We saw the King Singers and Evelyn Glennie play a variety of pieces, some together and some individually. My personal opinion was that the style of music played to us was very striking. In the hall the music circulated around making a remarkable experience to be involved in.

After the interval, we performed our pieces straight away: "Englishman in New York" by Sting, and "A Gaelic Blessing" by Rutter. Both pieces went really well and we were playing in front of 1500 people, so the sensation of that was truly phenomenal.

Some members of the staff of Mary Hare were in the audience so it was a real achievement knowing that we were showing people who did know us well, exactly what we could do, and that was, to play really well in front of lots of people.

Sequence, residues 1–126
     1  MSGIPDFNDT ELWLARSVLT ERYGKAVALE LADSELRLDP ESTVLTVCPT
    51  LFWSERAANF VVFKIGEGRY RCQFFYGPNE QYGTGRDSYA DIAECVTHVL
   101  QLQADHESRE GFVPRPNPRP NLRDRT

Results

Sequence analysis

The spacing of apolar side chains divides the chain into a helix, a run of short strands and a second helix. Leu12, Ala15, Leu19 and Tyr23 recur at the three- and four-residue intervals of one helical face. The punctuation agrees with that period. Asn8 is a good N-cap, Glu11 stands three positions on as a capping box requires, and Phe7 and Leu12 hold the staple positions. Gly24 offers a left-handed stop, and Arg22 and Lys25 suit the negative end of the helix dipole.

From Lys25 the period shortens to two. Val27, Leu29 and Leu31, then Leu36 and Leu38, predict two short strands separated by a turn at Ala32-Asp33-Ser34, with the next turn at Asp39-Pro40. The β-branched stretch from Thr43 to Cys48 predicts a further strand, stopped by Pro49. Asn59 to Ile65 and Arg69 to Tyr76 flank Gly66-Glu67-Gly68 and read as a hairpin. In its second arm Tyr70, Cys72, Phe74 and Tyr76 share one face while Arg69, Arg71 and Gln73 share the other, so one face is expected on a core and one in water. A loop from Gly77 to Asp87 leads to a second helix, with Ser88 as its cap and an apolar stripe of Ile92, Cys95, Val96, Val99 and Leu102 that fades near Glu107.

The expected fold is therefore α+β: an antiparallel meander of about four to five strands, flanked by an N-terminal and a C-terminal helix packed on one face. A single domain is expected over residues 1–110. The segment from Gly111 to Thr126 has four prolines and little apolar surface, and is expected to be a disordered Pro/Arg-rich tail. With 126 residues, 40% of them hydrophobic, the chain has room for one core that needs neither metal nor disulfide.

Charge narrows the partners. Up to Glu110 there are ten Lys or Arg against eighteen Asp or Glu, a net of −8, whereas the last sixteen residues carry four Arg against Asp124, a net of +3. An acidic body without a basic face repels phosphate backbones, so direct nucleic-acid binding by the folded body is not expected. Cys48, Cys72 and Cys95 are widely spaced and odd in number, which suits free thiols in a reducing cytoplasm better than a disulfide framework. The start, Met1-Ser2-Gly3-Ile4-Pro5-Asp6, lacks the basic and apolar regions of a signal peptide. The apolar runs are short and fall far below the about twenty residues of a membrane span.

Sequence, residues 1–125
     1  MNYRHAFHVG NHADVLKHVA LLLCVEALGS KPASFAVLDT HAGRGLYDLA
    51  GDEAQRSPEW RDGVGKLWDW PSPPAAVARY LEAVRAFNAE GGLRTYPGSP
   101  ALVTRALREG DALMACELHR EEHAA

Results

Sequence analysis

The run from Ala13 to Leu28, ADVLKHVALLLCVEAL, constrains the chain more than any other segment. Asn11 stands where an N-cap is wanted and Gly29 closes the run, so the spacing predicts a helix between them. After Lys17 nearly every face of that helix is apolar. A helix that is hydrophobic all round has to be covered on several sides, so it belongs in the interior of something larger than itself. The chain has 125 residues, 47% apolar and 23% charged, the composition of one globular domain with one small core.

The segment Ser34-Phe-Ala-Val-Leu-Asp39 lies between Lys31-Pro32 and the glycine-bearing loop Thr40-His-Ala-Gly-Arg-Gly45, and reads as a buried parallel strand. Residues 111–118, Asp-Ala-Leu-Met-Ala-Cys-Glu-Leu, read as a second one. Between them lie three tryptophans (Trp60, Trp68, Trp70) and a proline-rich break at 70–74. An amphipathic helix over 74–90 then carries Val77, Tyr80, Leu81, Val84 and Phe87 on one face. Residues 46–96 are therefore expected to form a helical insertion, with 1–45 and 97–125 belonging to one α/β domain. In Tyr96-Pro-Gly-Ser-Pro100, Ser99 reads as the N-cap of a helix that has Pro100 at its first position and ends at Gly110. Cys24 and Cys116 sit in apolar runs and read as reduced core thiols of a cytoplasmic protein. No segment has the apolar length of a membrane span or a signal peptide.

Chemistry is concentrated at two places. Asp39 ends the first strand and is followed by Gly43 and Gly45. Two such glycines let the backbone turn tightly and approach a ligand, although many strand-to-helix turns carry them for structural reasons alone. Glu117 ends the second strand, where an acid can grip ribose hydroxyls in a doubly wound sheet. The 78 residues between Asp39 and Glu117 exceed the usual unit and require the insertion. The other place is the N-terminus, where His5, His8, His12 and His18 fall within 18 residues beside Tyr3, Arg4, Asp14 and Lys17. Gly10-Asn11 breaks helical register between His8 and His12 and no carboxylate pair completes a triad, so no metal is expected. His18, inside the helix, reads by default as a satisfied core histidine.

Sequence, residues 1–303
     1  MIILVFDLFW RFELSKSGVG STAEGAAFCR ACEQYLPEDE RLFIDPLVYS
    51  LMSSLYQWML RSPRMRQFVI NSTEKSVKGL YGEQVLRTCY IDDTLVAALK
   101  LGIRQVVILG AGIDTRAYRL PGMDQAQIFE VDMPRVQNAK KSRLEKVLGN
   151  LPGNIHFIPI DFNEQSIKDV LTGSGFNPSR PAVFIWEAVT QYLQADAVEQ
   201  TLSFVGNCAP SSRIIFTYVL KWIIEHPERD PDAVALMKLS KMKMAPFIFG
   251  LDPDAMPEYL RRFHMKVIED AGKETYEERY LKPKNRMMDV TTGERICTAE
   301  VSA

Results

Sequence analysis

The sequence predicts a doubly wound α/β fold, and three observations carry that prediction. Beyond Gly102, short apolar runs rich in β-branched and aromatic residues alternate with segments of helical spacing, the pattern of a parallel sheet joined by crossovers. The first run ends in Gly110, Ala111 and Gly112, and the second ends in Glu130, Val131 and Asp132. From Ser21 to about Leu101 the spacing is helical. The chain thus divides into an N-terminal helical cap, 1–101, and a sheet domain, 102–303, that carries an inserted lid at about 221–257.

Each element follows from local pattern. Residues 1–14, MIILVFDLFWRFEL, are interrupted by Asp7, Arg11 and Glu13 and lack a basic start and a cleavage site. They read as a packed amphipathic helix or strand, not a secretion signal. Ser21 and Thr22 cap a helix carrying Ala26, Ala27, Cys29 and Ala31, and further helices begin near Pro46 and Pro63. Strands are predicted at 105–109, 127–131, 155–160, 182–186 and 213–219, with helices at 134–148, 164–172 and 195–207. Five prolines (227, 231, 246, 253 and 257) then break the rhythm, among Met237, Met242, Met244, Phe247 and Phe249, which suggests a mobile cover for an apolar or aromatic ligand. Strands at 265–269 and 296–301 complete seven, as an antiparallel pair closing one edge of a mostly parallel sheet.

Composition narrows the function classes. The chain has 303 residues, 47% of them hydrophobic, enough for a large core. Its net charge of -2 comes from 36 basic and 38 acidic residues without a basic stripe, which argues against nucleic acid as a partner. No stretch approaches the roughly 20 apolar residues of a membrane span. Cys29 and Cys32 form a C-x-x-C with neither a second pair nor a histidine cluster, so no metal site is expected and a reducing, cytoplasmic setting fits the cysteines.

Band members were Ruth Monthgomery (flute), Julia Spencer (flute), Matthew Steeple (saxaphone), Bryony Booth (clarinet), Krystal Wilson (clarinet), Sarah Gallaher (clarinet), Alicia Burzynska (clarinet), Beth Sewell (cello), Nicola Deverson (voice), Steven McMahon (drums), and Paul Bannister (piano).

Summer 1998
By Jordan Fenlon: "A Musical Day Out" from Chatterbox Magazine via Ruth Montgomery...
In the summer term, Ruth Montgomery, Bryony Booth, Danny Lane and I went to the Royal Academy of Music to record some pieces in a professional studio. Danny was extremely nervous but eventually felt privileged when he was playing on a Steinway. Out of all the pieces he played, I enjoyed Mozart's ninth sonata; its jaunty tune was rather catchy. Ruth eventually played her flute accompanied by Danny which went thoroughly well.